Best poached egg recipe? Vinegar? How do I keep the egg together?

  • 4499 views
  • 10 Comments

10 Comments

Pegeen June 2, 2013
@Noah, here's the Keller method, mentioned above. (Sorry if linking to it seems lazy, but I hate re-typing what has already been done!)
http://www.bonappetit.com/recipes/2012/04/the-perfect-poach
 
Elizabeth R. June 1, 2013
The best poached egg I've ever had wasn't really a poached egg in the technical sense. It was a slow cooked egg called onsen tamago (hot spring egg... it's also mentioned in the Momofuku cookbook). I learned the technique online on youtube. Runnyrunny999 has the easiest technique (with one pot and some cornstarch): http://www.youtube.com/watch?v=zzuwiZLIAKY but Jay del Corro has a more comprehensive explanation of what it is and how it's done (he's also fluent in English, for those who might struggle to understand Runny's charmingly garbled English): http://www.youtube.com/watch?v=IZE4cCncih8
 
amysarah June 1, 2013
Thanks for these links! Have wondered how eggs this way were done - I love the cornstarch trick...going to try it immediately.
 
Maedl June 1, 2013
When I first tried to poach eggs--last year, actually--I read several sets of instructions on how to do it. I think it was Julia Child who said to create a whirlpool in the pot by stirring the water and then drop the egg into the funnel of the whirlpool. The movement of the water helps keep the egg together.
 
pierino June 1, 2013
I take a similar approach to Maedl's suggestion, but I call it the Keller method because that's how I learned it. I break the egg into a ramekin and cover it with white vinegar for 5 minutes. Meanwhile I bring the the cooking water to a steady simmer. Now for the whirlpool; using a wooden spoon I make a vortex in the middle and then slide the egg in and cook for exactly 2 minutes. The combination of the vinegar bath and the whirlpool will give you a perfect egg with its albumen bundled around it and not fanning out all over the place.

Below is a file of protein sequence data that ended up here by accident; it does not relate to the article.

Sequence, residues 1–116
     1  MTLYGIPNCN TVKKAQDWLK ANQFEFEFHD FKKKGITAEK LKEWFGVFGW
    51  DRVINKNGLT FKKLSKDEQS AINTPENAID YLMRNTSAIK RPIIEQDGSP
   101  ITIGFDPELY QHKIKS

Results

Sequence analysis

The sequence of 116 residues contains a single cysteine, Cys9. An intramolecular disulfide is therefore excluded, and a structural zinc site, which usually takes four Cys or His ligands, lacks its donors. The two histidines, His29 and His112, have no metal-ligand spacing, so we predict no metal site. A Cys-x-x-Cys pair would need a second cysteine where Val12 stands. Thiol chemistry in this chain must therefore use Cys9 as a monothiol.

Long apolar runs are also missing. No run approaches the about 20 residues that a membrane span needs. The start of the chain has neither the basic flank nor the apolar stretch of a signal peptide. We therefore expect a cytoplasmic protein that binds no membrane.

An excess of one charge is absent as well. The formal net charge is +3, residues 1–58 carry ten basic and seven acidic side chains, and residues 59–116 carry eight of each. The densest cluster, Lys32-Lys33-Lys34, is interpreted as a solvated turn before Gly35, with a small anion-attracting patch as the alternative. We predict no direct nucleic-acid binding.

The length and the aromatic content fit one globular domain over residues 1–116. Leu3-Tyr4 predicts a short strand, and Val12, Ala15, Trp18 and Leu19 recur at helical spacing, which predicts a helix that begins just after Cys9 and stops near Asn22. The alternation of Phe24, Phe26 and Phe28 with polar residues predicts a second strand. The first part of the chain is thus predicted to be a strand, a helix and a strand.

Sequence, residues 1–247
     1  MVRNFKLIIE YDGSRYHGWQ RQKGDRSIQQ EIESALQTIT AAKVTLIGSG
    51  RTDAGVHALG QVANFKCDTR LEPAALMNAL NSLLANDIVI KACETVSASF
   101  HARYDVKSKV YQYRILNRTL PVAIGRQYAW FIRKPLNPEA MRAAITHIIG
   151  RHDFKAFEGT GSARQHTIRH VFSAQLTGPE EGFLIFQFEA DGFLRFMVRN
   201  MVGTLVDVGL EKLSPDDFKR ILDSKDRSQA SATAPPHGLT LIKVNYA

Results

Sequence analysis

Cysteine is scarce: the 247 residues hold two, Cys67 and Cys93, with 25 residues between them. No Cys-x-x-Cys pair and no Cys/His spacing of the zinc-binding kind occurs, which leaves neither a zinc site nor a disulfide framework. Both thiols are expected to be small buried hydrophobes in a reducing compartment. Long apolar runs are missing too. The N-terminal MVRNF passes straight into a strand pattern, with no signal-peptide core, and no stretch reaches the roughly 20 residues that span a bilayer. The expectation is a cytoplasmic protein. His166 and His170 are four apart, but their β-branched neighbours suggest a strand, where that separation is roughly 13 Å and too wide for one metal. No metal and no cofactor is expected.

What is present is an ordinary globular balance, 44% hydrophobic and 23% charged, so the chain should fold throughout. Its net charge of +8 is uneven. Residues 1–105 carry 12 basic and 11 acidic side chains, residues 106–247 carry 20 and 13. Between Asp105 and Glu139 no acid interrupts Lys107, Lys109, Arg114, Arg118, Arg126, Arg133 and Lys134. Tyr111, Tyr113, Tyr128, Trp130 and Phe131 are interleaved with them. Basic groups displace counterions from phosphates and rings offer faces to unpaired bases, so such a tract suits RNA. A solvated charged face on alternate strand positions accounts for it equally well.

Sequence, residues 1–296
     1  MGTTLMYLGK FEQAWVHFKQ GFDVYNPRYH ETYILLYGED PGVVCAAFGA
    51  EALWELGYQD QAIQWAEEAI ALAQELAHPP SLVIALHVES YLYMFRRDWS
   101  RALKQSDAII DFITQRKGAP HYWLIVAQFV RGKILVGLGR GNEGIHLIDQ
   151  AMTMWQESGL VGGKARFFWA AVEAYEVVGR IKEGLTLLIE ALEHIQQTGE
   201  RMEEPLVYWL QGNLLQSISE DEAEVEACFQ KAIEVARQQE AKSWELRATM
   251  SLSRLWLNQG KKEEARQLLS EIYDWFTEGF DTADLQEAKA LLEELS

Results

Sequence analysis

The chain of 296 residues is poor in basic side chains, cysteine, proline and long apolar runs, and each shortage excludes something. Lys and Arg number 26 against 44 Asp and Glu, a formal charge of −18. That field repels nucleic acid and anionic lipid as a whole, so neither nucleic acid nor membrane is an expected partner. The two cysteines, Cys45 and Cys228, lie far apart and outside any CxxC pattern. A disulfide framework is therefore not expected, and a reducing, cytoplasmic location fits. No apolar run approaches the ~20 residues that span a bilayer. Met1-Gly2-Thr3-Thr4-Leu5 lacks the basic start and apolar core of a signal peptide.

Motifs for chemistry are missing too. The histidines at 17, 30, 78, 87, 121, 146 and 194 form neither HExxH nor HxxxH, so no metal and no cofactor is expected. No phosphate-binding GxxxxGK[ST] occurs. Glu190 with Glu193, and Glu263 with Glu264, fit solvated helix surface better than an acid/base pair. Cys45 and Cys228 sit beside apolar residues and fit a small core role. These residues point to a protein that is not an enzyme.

Maedl June 1, 2013
Pierino, I love the idea of letting the egg sit a bit in a vinegar bath--I’ll give that a try the next time I poach an egg.
 
Jackie Y. June 1, 2013
Trena's answer is very good, except 3" seems a bit excessive and will add to the issue of the egg spreading. The #1 factor in poaching pretty eggs is FRESHNESS. The older the egg, the more the membranes deteriorate. Also, you can always trim away any wispy bits that you find unsightly.
If you're using fresh eggs but are still unsatisfied with the shape of the cooked egg, then place the egg in a greased ramekin; put the ramekin in simmering water, cover the pan and cook until the egg is done to your liking. I use water to approximately the same depth as the egg. If the egg is stuck despite the greasing, I use a silicon scraper (a.k.a., spatula) to loosen it. HTH, GL
 

Voted the Best Reply!

Trena H. May 31, 2013
I make poached eggs all the time. They are delicious and very easy to make. I make mine in a pan with over 3" of water that is simmering but not boiling. I add some salt and a capful of vinegar to the water. Crack your egg gently into the pan and guide the egg whites together. I cook the eggs approximately 2 minutes or until the egg white is opaque. Remove the egg with a slotted spoon onto a folded paper towel to drain and serve on toasted bread. Sprinkle with sea salt and pepper...yum!
 
Pegeen May 31, 2013
p.s.

In the link above for Amanda's video, the "reader comments" are helpful.
 
Pegeen May 31, 2013
How much time do you have? :-)

Amanda’s video, in the Features section of this site:
http://food52.com/blog/3180-perfect-poached-eggs

And lots of other advice in a Hotline thread on this site:
http://food52.com/hotline/7037-a-question-about-a-recipe-simple-perfect-poached-eggs
 
Recommended by Food52